Managing large numbers of objects in database storage is a difficult and time-consuming task. Currently, large numbers of performance metric objects are managed using a brute force approach. The brute force approach uses multiple maps to access a particular object by descending down the maps until the object of interest is found. The mapping is done using a string name of the metric as a key in the map to the object of interest. Since devices may have sub-components that have performance metrics to be managed as well, multiple mapping processes are needed to manage the sub-components, which can be time-consuming and inefficient. For example, if an object has configuration information for a particular metric on a particular switch for a particular port, three mapping processes are needed to access the object of interest, as illustrated below:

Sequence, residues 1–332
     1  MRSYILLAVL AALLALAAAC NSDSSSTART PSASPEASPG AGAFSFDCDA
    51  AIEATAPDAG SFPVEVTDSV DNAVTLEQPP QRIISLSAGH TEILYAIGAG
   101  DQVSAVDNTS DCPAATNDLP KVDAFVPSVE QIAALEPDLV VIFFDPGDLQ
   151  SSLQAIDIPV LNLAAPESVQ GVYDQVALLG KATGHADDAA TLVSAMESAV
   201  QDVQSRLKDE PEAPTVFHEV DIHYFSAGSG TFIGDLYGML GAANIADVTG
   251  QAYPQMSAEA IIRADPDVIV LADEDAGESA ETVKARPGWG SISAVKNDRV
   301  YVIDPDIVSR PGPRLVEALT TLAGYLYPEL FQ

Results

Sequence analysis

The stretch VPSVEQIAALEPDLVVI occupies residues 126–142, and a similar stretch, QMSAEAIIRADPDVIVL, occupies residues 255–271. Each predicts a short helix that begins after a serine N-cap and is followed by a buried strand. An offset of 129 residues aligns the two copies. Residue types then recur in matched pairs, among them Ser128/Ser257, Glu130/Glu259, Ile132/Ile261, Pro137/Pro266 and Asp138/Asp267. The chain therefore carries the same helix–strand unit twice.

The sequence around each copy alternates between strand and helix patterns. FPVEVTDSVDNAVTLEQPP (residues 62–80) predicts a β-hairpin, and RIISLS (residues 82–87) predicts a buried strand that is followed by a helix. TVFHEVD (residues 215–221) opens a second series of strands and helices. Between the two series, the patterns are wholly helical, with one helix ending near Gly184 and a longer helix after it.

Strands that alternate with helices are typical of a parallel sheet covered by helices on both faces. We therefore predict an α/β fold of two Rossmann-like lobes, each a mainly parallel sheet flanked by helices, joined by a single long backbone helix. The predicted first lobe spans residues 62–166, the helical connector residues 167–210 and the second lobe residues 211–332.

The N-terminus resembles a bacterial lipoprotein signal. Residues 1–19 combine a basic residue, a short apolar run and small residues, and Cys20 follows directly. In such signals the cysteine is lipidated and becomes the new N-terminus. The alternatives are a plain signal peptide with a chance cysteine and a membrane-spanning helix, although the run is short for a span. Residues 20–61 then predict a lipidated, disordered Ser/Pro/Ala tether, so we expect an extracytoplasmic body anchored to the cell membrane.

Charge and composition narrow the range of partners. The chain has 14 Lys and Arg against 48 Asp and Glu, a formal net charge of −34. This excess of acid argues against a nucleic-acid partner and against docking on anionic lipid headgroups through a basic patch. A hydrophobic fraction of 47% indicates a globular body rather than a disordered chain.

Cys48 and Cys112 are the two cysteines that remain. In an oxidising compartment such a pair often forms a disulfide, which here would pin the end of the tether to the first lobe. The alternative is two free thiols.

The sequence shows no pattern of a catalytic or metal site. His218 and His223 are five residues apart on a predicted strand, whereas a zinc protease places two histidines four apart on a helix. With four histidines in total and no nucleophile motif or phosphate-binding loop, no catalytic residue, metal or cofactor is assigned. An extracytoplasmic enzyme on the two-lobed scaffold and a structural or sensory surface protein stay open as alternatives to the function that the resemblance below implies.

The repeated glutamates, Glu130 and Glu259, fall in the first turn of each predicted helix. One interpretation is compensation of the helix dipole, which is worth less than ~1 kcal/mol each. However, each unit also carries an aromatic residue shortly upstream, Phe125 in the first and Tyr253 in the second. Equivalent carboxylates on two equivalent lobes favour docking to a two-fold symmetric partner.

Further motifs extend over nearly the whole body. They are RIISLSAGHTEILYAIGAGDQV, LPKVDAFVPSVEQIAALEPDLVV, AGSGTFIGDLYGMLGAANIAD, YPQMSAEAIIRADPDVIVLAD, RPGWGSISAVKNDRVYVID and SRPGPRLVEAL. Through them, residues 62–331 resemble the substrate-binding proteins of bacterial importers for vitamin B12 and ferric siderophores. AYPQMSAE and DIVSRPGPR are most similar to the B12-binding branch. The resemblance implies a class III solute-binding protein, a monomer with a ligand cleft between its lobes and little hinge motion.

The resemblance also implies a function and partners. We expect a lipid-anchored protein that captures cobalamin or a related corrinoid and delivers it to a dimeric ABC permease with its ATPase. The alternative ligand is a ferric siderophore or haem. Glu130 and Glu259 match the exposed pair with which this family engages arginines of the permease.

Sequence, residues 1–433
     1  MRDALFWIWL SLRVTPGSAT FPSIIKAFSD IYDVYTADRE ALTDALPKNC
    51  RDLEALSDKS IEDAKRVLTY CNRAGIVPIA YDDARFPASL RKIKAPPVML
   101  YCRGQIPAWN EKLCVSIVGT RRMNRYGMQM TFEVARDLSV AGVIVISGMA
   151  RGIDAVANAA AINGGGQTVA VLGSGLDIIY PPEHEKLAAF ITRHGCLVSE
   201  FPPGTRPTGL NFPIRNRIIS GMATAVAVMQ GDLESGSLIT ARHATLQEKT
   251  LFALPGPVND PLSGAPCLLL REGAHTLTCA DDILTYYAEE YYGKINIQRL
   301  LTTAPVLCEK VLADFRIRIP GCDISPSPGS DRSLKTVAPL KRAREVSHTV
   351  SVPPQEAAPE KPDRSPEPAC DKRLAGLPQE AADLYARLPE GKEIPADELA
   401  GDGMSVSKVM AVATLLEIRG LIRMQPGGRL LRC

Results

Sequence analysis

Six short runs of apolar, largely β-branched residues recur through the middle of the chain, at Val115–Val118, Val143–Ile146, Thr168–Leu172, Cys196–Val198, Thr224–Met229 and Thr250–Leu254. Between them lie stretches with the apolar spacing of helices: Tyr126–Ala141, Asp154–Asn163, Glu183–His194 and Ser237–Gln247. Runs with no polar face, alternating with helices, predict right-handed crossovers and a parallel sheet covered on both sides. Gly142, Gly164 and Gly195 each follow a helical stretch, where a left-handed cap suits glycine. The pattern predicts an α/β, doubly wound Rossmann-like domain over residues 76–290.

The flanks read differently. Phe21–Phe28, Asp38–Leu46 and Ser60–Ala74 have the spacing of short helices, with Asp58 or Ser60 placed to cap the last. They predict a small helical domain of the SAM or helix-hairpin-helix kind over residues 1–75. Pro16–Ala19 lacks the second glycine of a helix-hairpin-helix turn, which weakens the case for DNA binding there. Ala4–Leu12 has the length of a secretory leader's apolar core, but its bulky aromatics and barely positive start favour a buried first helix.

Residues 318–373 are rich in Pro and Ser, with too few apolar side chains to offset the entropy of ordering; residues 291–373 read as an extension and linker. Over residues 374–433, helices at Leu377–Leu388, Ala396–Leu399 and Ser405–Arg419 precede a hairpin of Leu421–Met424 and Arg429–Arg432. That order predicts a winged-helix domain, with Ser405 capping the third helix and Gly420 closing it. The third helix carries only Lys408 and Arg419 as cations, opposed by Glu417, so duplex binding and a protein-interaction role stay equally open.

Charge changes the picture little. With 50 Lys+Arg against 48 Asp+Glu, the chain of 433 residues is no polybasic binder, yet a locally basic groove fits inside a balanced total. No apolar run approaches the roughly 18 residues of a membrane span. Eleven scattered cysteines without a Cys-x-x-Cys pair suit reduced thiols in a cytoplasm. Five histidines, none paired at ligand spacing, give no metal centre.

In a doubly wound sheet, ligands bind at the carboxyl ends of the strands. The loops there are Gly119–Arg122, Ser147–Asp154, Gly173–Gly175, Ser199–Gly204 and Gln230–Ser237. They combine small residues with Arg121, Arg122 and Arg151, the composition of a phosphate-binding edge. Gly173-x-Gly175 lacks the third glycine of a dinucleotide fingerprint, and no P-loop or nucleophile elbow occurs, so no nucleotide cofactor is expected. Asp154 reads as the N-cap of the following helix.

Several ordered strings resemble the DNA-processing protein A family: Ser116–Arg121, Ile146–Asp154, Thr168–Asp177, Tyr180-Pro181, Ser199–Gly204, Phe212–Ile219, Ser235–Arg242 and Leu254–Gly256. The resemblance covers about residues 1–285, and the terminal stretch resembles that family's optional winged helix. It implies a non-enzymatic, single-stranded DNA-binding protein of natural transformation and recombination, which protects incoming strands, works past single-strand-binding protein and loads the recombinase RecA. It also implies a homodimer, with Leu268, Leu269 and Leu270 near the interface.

Metric1->Switch 1->Port 1->Configuration (object of interest)

SUMMARY

A method for providing aggregate object identifiers includes obtaining a plurality of objects from a database. Each of the plurality of objects contains an unique identifier. The method further includes creating an aggregate object identifier by combining the unique identifiers of the plurality of objects into a single object, and referencing one or more objects of interest in the database using the aggregate object identifier as a key.

A corresponding apparatus for providing aggregate object identifiers includes a retrieval module capable of obtaining a plurality of objects from a database. Each of the plurality of objects contains a unique identifier. The apparatus further includes a creating module capable of creating an aggregate object identifier by combining the unique identifiers of the plurality of objects into a single object, and a referencing module capable of referencing one or more objects of interest in the database using the aggregate object identifier as a key.

DESCRIPTION OF THE DRAWINGS